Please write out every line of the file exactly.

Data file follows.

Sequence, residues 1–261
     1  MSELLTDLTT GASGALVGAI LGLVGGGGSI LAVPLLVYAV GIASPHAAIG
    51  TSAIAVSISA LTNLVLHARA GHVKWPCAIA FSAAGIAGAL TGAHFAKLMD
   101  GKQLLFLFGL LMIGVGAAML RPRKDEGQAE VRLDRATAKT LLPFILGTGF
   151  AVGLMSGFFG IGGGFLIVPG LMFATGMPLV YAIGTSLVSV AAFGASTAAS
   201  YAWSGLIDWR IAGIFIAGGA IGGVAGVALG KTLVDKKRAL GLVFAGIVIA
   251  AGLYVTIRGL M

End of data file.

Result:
Sequence, residues 1–261
     1  MSELLTDLTT GASGALVGAI LGLVGGGGSI LAVPLLVYAV GIASPHAAIG
    51  TSAIAVSISA LTNLVLHARA GHVKWPCAIA FSAAGIAGAL TGAHFAKLMD
   101  GKQLLFLFGL LMIGVGAAML RPRKDEGQAE VRLDRATAKT LLPFILGTGF
   151  AVGLMSGFFG IGGGFLIVPG LMFATGMPLV YAIGTSLVSV AAFGASTAAS
   201  YAWSGLIDWR IAGIFIAGGA IGGVAGVALG KTLVDKKRAL GLVFAGIVIA
   251  AGLYVTIRGL M